The Dawes General Allotment Act seeks to open Indian lands for white settlement and to coerce Native Americans to assimilate into white society.
  • The Florida legislature adopts multiple disfranchising provisions which cause voter turnout among adult African American men to plummet from 62 percent to 11 percent over the next four years.

    The disfranchising provisions adopted by the Florida legislature in 1888 included a poll tax and an "eight box law," under which voters were required to place ballots in correct boxes which were then shifted throughout the day.
  • The Indian Naturalization Act grants citizenship to Native Americans by an application process.

  • The adoption of a new "grandfather clause" by Louisiana legislators disfranchises African American voters. The percent of registered black voters drops from 44.8% in 1896 to 4.0% four years later. In addition to Louisiana, statewide disfranchising convent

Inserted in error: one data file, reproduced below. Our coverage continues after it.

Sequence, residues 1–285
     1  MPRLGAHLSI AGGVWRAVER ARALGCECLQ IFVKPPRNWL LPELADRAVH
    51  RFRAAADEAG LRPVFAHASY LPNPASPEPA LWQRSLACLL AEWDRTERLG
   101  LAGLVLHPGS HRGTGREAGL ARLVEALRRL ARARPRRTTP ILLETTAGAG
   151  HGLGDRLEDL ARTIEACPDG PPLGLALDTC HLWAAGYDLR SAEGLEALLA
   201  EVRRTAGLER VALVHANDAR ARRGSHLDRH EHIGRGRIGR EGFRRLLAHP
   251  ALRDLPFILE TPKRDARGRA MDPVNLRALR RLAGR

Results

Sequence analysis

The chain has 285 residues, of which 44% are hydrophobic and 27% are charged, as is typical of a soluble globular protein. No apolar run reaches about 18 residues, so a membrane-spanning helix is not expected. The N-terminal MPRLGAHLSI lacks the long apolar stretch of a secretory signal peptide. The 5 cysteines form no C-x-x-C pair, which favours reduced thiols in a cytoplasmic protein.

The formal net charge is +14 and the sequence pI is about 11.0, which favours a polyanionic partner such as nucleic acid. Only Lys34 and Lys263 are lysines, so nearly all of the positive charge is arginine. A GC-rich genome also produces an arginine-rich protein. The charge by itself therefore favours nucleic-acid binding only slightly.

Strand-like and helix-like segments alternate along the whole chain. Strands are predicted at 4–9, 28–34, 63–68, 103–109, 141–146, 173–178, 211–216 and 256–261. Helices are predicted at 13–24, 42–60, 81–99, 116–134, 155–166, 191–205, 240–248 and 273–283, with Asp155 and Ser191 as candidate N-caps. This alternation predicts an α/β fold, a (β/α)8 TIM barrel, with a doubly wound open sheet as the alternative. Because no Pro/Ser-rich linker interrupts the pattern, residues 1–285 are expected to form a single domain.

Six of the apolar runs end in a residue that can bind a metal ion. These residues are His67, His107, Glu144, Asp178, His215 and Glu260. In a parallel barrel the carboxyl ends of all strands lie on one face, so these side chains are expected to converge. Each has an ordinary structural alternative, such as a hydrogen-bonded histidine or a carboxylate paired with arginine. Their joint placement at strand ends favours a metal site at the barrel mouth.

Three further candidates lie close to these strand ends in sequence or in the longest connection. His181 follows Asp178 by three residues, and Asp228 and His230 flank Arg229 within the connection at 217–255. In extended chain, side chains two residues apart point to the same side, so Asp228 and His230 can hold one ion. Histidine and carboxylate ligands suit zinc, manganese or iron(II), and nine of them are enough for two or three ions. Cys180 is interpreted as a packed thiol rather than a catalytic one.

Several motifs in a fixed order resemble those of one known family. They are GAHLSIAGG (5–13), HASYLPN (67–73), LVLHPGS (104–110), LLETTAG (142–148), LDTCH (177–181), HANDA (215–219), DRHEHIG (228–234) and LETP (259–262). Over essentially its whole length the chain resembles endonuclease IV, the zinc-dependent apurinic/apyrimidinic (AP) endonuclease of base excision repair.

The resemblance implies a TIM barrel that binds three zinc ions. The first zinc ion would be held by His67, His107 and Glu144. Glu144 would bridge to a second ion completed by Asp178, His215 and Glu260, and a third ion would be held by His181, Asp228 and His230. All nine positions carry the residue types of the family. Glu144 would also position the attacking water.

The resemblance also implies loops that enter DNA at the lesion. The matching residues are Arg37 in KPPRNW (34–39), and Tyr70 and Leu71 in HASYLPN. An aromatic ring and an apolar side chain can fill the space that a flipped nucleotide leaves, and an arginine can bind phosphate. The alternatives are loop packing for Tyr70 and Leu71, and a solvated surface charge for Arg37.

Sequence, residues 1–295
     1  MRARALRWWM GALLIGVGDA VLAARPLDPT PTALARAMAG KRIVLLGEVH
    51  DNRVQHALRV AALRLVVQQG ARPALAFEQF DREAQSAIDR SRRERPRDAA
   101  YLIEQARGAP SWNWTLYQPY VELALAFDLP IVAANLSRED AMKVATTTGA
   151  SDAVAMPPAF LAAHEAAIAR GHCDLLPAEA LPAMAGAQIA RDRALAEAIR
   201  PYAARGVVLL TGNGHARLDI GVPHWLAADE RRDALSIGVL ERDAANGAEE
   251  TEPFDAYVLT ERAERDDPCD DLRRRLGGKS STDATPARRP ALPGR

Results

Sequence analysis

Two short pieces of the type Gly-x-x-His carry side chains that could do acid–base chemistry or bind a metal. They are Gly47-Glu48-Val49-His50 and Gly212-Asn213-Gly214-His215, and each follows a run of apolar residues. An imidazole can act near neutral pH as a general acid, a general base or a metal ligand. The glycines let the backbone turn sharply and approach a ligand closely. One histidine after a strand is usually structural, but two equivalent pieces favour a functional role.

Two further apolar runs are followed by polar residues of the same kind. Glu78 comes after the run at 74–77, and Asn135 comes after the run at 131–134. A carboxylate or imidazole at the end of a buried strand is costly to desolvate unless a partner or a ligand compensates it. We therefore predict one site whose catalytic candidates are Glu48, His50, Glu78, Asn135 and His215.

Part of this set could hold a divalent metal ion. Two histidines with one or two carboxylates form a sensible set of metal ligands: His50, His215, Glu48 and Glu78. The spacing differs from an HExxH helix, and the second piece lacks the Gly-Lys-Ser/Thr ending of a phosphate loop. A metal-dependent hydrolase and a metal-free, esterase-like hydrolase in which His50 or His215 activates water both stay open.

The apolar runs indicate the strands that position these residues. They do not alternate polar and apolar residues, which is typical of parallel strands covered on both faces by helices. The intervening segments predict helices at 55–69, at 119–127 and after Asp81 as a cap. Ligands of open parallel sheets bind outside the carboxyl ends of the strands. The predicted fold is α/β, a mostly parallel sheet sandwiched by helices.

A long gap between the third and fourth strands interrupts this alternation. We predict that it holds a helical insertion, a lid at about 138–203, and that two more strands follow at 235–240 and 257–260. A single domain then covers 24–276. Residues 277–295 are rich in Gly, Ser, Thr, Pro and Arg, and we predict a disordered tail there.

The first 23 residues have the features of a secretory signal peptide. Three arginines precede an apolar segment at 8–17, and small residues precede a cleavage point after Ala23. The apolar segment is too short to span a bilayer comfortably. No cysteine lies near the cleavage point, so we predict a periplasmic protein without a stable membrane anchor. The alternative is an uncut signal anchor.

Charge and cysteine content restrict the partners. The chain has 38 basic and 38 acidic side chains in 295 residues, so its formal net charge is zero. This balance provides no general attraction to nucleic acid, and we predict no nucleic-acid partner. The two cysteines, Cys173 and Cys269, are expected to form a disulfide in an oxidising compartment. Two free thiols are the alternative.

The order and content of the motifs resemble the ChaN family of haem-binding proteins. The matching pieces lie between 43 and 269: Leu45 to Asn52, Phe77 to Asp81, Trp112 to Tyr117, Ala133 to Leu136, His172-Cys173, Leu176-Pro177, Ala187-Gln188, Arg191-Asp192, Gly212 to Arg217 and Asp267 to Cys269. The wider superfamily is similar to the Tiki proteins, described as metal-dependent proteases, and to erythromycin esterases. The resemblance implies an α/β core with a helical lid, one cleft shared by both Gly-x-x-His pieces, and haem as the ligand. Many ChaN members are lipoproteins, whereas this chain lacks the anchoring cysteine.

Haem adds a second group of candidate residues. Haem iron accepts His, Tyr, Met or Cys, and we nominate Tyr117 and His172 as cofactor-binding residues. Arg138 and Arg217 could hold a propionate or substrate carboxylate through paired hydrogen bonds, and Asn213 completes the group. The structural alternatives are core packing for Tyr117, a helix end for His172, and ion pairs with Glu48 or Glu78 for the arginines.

Adopted as an amendment to the state constitution, Louisiana's grandfather clause prompts a huge decrease in registered African American voters. The provision requires voters to register between January 1, 1897 and January 1, 1898, and only allows literate property owners to register. Illiterate or non-property owning voters whose fathers or grandfathers could vote in 1867 also are allowed to register. Because nearly all African Americans were slaves two generations earlier, the measure effectiv
  • The U.S. Supreme Court rules in Guinn v. United States that Oklahoma's "grandfather clause," which is used to disfranchise black men, is unconstitutional.